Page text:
Do you agree with Peter Schutz, the former CEO of Porsche? He said once in a well-articulated way “Hire character, train skill”. More and more recruiters realise that it’s not all about just having the right set of skills. Often it seems that the character of a person plays a more important role when looking for the right person. The focus lies on the applicant’s personality, demeanour, experience, drive, adaptability, fast learning, problem solving and creative thinking. Specific specialist skills, knowledge and understanding can be taught and easily be learnt by the person.
We can say that there are two types of “fresh” graduates: Those who focus entirely on completing their studies and gaining their degrees and think the corporate world starts afterwards. And those who during their studies use the opportunity to gain experiences, extend their network, make use of their skills and earn money in the process too. Would I have to hire one of them I would always give the preference to the one student who showed to be a multitasker. The one who does not just have a degree (regardless of what the final grade is) but who gained already some insights into the corporate world.
A candidate might have the perfect set of skills that the company is looking for but still be rejected due to other reasons. Someone could be the most talented individual but if s/he doesn’t have the right values and character s/he will not fit into the organisation.
Imagine there are two candidates – Bill and Steve - who are attending an assessment week at a company. The result at the end of the week is as follows: Bill has all the required skills but does not make a good culture fit and doesn’t seem to work hard and in the best interest of the company. Steve has a skills gap which the company identified but:
Now who would you hire? Honestly, I hope your choice would be Steve. He proved that his work ethic and attitude were impeccable, while his skills gap could easily be overcome by providing him with tailor-made training. Bill would not have needed any further training but his lack of commitment towards the company and the poor culture fit could have led to several conflicts and issues in the long run.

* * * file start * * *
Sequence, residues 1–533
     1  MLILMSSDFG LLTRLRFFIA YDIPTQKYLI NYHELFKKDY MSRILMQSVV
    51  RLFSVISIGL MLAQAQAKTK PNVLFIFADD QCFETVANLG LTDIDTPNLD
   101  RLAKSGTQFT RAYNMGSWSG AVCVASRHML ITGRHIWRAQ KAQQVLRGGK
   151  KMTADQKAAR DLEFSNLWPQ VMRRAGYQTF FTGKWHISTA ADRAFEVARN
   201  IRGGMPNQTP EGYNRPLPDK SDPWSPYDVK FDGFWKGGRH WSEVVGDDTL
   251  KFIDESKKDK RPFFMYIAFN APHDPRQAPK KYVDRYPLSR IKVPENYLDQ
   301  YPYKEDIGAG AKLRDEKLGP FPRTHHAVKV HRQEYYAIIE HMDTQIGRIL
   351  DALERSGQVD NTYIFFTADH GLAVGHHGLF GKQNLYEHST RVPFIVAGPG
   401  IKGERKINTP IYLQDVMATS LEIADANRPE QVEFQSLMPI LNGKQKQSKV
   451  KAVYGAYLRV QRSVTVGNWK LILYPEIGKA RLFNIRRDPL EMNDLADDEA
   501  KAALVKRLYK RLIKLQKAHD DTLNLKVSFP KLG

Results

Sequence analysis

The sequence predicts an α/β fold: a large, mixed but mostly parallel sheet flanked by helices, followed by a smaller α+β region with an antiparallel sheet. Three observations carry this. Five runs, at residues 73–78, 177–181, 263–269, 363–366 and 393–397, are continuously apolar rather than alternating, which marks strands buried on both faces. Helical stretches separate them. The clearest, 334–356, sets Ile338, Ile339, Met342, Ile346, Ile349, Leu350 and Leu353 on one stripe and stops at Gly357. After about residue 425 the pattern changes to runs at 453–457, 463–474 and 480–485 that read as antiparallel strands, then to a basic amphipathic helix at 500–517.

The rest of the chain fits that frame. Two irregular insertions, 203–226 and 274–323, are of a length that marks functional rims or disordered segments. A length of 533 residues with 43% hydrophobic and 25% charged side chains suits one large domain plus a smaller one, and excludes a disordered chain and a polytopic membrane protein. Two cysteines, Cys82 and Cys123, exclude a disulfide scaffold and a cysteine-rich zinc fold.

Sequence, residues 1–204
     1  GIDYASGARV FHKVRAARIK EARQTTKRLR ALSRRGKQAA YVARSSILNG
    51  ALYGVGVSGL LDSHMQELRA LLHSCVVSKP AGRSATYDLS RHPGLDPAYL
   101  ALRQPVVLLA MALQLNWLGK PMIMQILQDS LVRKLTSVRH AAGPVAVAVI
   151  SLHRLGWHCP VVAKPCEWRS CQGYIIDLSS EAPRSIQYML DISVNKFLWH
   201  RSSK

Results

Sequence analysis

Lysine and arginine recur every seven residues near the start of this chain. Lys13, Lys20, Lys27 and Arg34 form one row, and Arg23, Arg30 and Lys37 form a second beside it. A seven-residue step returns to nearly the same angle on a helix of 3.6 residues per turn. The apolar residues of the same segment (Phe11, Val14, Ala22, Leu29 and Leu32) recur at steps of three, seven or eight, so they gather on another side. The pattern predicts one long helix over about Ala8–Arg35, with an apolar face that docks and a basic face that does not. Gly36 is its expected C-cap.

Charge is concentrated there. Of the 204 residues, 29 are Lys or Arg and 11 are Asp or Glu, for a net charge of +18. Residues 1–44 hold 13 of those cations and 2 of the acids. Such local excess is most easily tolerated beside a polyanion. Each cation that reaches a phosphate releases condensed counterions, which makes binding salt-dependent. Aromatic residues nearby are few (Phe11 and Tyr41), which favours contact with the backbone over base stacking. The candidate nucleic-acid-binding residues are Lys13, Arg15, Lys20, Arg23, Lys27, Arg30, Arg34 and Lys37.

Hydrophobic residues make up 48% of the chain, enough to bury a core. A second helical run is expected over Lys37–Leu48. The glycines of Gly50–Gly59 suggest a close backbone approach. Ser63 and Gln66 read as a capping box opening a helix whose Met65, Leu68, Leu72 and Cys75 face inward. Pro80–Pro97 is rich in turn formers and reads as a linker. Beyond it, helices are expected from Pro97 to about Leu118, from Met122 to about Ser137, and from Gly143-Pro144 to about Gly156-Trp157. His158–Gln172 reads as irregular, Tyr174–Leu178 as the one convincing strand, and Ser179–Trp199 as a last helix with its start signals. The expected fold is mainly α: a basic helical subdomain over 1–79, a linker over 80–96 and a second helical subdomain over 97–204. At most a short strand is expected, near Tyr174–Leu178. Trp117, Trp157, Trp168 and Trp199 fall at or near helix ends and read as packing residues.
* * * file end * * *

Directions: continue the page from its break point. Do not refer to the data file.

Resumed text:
Remember, attitude is not really something you can teach someone, either you have it or you don’t have it. If a candidate needs to be reminded continuously – or even forced – to do things or behave in a certain way in order to achieve the desired outcome, it is not something that will benefit the company. It’s therefore much more beneficial to hire people with the right mindset and provide them with training that helps them to excel in their future tasks. There are still some open questions regarding the training offered to Steve that would need to be considered. For example:
In the book “Put your mindset to work” James Reed, Chairman of Reed, wrote “I might not know which skills will be most in demand in 10 years, but I do know exactly what sort of people I will want to hire in ten years. Good people, of integrity, who are persistent, passionate, energetic, innovative, optimistic and resilient.” Barry Hoffman, HR director of Computacenter, shares a similar opinion “Skills can be trained and our industry is fast-moving, so a skill today may only have eighteen months’ currency because the technology moves so quickly. What we want is the mindset more than skills that may well be out of date in as short time.” Or in Warren Buffet’s own words “In looking for people to hire, you look for 3 qualities: integrity, intelligence and energy. And if they don’t have the first, the other two will kill you.”